1:15. They have been out of the wash on the first terrace at the foot of the mountain for some time.

After some good "runs" on terrace, they have been out of sight in ravine since 2:50.

3:20. I finally decided that they might have gone up the ravine and I had better move up with the jeep truck and equipment until I can see directly into the ravine. So I packed up all the cameras, slammed the truck doors, started the engine, and looked up to find them standing on the ridge again, come up to see what the noise was all about. This is the fourth time this has happened today. Their hearing must be o.k.

3:35. Sun has gone down behind the Panamints. Ewe and ram are feeding quietly in the wash 200 yards away. Now he's after her again.

3:50. The sun is still showing on Daylight Pass. Temperature, 67°.

4:05. The moon is up. This "herding" business has taken a new slant. I am quite sure that it is a game of some sort or ritual. In any case, it is voluntary on both sides. Again and again Droopy has been in a position to elude Paleface and really get away, but she never takes advantage of the opportunity. Instead, she has, once or twice, not only waited for him to catch up but retraced her steps until he saw her again.

He has now "forced" her all the way down the fan over half a mile to the highway by a series of short jabbing runs at her, which are not designed to reach her but to frighten her only—like running at someone and stamping your foot and shouting "boo." As a matter of fact, he sometimes gives the equivalent of a "boo" in a sort of snort. He drops his head low to the ground, nose out, ears back, takes one or two very slow crouching steps, then a sudden lunge toward her, but never to her. She obediently dashes away a short distance.

Now, since sundown, he has pushed her thus to the edge of the highway and out on it, while he himself patrols the berm, and will not let her off the pavement!

4:20. He suddenly seemed to say "that's enough of that," turned, and, head down and out, began to walk rapidly away toward the mountains. Droopy immediately picked up her cue and followed at a trot.

Now he starts something new. He pretends not to see her, but if she starts to go by him on the right side he quickens his pace and gets directly in front of her. She tried the left side with the same results; so from right to left and back four or five times; then suddenly he whirls and lunges at her. She whirls away for a few feet and stops. He stands, head down, glaring at her for a moment turns his back, and away he briskly goes, she after him, and the whole process is gone through again.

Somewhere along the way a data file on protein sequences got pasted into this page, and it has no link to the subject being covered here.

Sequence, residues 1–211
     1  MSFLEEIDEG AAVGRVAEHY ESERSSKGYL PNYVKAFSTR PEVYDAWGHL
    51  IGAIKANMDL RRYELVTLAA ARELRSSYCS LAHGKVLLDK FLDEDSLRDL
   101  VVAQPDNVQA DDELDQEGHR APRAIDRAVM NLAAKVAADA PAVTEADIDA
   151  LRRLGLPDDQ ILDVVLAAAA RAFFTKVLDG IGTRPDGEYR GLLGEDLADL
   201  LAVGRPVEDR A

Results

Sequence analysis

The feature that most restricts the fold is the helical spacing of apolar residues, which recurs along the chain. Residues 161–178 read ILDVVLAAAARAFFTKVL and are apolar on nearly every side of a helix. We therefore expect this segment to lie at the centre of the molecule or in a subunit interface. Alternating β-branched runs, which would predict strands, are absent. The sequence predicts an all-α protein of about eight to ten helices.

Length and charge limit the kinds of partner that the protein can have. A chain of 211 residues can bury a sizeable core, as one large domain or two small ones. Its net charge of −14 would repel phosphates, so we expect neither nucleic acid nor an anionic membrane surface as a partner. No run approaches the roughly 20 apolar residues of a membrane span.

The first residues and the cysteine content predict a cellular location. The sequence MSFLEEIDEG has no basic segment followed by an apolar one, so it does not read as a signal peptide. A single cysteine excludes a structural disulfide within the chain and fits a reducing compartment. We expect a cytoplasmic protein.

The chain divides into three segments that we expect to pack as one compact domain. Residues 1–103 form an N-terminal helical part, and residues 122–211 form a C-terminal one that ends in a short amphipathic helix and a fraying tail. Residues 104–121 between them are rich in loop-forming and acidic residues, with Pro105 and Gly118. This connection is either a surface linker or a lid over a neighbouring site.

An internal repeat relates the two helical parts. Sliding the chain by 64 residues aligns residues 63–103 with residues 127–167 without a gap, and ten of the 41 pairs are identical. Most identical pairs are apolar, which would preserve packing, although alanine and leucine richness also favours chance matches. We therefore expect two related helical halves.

As they near the ledge at the foot of the mountain they burst into breakneck speed and round and round they go. Who started it, or who is "chasing" who, is not really apparent. This finally breaks up when he leaves the chase and leaps up to the top of a 10-foot ledge and stands, head low, looking down at her. Here again her voluntary participation becomes apparent, because she now deliberately places herself directly below him, and the maneuvering begins: She to ascend the ledge, he to block her.

The last I could see of her she was lying down, placidly chewing her cud. He was still standing 10 feet above her on the loose ledge looking down at her. Suddenly the ledge began to crumble under him, and she got up and moved from under the falling rocks. He, however, was completely unperturbed, just spread all four feet out a little and rode down the small landslide until it stopped; whereupon, he simply relaxed where he stood. She lay down again a few feet away and I left them there chewing their cods in the moonlight.

On the next and third day of activity, their behavior followed the same pattern as the day before, but with minor differences:

When the ewe approaches the ram and he her, face to face, she will start to run to the right past him but he heads her off, turning in always and intercepting her attempt to pass him on the left, back and forth with incredible agility and stamina.

As it grew darker, he reverted to the "leading cut"—going away from her but never letting her go past him or off in a direction of her own choosing.

It began to appear that he either knew where Droopy wanted to go or he was "leading" her and she deliberately following, because he would turn suddenly and walk briskly into a ravine or up on a ledge at right angles to their general direction of travel. She invariably followed.

At one point we thought that they had bedded down, and we were preparing to leave when a change took place. It was so dark we could scarcely see them with the binoculars, but Droopy suddenly took the lead and at a breakneck speed struck off across the nearly perpendicular face of the mountain to the north, with the ram about 10 yards behind her. Showers of falling gravel and boulders followed them both. Long after we could no longer see them, we could follow their progress northward by the sound of the rolling rocks and small landslides they loosed in passing.

By 5 o'clock the sounds were dwindling to a point where it appeared that even they were being slowed down, if not stopped, by darkness, and finally no sounds at all. The moon rose and we came home.

Finally on Nevares Peak on September 15, 1958, we got a definite indication of the objective of this unique behavior.

A mature ram known to us as Black-and-Tan persisted in his "herding" of the ewe, Brokeoff, until it netted him a completed copulation.

Their physical satisfaction from copulation didn't seem to last for more than about 15 minutes, however, during which time they just stood resting. Then they began again the same violent expenditure of energy involved in "herding," up and down the mountain and across the face of cliffs.